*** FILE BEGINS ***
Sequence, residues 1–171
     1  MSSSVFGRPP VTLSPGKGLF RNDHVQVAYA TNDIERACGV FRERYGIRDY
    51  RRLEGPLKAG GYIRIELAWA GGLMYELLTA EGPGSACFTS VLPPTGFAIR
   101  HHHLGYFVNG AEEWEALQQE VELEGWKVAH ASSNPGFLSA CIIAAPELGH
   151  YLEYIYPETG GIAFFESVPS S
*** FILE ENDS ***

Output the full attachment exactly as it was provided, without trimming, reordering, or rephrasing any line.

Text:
Sequence, residues 1–171
     1  MSSSVFGRPP VTLSPGKGLF RNDHVQVAYA TNDIERACGV FRERYGIRDY
    51  RRLEGPLKAG GYIRIELAWA GGLMYELLTA EGPGSACFTS VLPPTGFAIR
   101  HHHLGYFVNG AEEWEALQQE VELEGWKVAH ASSNPGFLSA CIIAAPELGH
   151  YLEYIYPETG GIAFFESVPS S